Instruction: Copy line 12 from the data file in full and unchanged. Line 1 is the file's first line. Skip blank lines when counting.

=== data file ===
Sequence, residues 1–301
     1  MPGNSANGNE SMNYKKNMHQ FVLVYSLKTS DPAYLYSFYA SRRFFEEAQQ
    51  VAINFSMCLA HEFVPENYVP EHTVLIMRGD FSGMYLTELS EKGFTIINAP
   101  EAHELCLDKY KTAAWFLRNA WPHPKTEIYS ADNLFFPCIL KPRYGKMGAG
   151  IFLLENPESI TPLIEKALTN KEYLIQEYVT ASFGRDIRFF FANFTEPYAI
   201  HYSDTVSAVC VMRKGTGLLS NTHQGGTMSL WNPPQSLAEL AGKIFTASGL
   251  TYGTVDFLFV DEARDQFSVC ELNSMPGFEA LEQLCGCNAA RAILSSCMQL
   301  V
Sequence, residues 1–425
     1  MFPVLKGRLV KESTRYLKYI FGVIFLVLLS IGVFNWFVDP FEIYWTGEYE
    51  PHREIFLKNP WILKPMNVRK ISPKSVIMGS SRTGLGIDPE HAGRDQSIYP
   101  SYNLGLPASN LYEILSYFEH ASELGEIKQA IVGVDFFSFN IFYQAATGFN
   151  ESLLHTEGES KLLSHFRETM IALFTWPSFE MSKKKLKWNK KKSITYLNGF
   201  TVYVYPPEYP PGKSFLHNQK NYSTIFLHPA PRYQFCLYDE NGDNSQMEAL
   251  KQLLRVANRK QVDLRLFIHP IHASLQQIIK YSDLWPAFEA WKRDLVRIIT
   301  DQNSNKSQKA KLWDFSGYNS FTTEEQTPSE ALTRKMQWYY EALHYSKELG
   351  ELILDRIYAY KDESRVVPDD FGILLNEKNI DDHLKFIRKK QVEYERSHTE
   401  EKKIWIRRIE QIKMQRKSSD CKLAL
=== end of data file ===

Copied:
   101  SYNLGLPASN LYEILSYFEH ASELGEIKQA IVGVDFFSFN IFYQAATGFN